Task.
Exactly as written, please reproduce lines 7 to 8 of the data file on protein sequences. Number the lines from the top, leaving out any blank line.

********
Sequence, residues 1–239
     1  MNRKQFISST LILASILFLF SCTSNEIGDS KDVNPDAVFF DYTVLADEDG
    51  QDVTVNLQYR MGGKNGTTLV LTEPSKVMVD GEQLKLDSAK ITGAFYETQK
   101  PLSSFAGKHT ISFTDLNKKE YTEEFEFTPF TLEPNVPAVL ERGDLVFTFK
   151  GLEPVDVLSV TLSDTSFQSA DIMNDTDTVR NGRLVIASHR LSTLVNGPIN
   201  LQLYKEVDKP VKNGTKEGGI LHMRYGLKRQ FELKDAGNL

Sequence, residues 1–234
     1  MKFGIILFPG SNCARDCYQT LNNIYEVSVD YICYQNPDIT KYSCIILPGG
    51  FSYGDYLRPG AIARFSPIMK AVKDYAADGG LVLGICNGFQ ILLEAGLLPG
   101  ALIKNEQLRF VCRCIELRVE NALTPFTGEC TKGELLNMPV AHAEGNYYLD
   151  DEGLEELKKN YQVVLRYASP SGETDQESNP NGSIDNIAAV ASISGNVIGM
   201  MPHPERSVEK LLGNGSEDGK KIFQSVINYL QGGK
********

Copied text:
Sequence, residues 1–234
     1  MKFGIILFPG SNCARDCYQT LNNIYEVSVD YICYQNPDIT KYSCIILPGG